Adventures in Japan: Hiroshima and Miyajima!

The places in Hiroshima we visited weren't exactly fun, but they were important.

They really made me wonder what would have happened if Japan hadn't tried to expand their power into the mainland and fought in WWII. Would I be fluent in Japanese? Would I have known my relatives in Japan better? Would I even exist? All the fear and hatred of the Japanese here in America: would my grandmother have known a life without that constantly over her shoulder?

And I know that going to such a museum and thinking about how everything affected you and your loved ones is probably the height of arrogance, but that's how I felt. I also felt numb at how pointless it all was, the wars, the bombs--every time someone picks up a gun in the name of their country. A city devastated, thousands killed, nothing gained, and ultimately everyone loses. And we as a species do it over and over again. I think that what depressed me the most is that I couldn't think of a good way out of this spiral of hatred. It's been over 70 years and we are still killing each other.

A beautiful but sad sight: millions of paper cranes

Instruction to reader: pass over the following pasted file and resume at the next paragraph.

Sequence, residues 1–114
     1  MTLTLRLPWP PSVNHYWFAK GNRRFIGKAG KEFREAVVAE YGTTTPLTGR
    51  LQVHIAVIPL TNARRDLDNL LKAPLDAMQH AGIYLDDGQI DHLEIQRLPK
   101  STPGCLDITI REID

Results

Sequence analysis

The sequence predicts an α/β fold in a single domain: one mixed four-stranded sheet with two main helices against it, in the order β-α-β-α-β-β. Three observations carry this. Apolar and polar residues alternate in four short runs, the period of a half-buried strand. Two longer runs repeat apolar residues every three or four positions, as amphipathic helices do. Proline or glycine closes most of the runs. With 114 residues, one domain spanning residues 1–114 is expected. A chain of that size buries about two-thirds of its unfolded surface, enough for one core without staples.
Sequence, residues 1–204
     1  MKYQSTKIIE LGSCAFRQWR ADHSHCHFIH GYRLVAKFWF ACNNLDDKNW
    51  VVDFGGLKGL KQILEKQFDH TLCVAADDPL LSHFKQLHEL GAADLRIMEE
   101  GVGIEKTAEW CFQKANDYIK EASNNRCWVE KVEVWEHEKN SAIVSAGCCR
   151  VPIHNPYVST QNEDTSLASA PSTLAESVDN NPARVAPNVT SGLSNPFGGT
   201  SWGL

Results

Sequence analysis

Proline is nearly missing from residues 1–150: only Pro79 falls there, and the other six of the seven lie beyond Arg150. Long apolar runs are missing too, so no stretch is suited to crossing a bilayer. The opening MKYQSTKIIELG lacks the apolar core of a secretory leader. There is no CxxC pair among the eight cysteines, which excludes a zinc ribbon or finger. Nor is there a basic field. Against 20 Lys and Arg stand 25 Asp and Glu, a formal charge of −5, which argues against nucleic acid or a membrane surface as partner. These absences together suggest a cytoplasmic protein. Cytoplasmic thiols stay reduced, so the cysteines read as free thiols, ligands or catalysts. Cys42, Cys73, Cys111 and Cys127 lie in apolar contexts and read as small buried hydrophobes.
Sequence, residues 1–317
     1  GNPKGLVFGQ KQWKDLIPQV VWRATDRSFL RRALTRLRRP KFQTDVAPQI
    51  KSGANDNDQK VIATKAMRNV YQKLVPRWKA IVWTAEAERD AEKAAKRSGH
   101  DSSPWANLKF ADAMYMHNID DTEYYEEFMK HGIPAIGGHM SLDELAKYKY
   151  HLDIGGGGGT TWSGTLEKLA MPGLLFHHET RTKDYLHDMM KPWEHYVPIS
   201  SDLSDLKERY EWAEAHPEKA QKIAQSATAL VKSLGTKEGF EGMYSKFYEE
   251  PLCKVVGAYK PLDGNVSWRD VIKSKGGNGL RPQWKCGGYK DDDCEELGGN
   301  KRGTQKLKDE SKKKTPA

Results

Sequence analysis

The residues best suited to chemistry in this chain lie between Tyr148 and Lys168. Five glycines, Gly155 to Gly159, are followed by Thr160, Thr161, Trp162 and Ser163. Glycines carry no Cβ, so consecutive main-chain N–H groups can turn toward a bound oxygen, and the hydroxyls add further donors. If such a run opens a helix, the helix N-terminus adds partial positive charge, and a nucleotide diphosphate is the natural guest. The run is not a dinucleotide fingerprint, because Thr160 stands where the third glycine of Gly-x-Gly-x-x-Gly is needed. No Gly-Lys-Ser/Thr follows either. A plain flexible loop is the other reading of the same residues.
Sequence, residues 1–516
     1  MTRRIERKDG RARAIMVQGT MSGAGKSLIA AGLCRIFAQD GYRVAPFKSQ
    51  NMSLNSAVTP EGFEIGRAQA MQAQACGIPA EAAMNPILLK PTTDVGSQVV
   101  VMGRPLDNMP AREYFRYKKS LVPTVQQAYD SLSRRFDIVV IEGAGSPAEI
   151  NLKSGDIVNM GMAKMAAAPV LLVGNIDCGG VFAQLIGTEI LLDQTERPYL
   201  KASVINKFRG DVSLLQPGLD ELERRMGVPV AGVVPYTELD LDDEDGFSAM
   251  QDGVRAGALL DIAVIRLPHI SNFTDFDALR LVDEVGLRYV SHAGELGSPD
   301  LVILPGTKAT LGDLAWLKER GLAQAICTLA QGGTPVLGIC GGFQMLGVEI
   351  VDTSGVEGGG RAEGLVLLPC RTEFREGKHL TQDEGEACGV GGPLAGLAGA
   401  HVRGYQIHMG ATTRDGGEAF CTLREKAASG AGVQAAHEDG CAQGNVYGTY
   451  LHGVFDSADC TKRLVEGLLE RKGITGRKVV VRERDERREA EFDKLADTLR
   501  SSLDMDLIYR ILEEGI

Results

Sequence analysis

We visited the Hiroshima Peace Memorial, also known as the A-bomb Dome (shown above), the only building left standing in the atomic bomb's hypocenter, and visited the Hiroshima Peace Memorial Museum. Inside the museum, we saw many artifacts from the blast as well as details of their survival following radiation exposure. What stuck me most was the Peace Watch, which resets itself every time a nuclear test is performed around the world. It struck me how fragile peace truly was, with so many countries not only capable of leveling an entire city with a single missile, but actively testing the technology.

After a sobering day of memorials and millions of paper cranes, we went to Miyajima island and I have to say it was probably the prettiest part of the entire trip. The cherry blossoms were at their peak and it was mind boggling. The petals really do cascade like snow falling when the wind blows, and I danced around in them without shame.

Saturday, October 8, 2016

Hiroshima-Style Okonomiyaki (広島風お好み焼き)

If you walk into an okonomiyaki joint in Hiroshima and ask for Hiroshima-style okonomiyaki, you might get a funny look. To them, this is simply okonomiyaki and others just have it all wrong.

Hiroshima-style okonomiyaki starts with wheat flour and water, mixed to a thin batter that is cooked over a grill. Shredded cabbage is piled on top as it is halfway through cooking, along with whatever toppings you would like. Yakisoba noodles are put on top, followed by a fried egg.

This entire tower of savory goodness is topped with sauces and served piping hot.

Check out the layers!